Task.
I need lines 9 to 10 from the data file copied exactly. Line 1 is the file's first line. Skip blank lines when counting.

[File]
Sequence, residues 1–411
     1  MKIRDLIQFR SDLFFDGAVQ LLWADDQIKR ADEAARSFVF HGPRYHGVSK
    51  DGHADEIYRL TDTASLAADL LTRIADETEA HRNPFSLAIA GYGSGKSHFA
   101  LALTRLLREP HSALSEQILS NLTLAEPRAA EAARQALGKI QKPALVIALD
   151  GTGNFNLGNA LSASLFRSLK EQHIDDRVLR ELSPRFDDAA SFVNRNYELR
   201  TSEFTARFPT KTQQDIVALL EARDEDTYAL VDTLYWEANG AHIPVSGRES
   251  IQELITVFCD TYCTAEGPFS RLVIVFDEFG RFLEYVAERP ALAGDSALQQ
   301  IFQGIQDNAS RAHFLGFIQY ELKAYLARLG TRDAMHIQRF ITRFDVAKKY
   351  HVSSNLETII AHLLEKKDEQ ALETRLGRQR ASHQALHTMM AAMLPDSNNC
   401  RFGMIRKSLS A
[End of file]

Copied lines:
   351  HVSSNLETII AHLLEKKDEQ ALETRLGRQR ASHQALHTMM AAMLPDSNNC
   401  RFGMIRKSLS A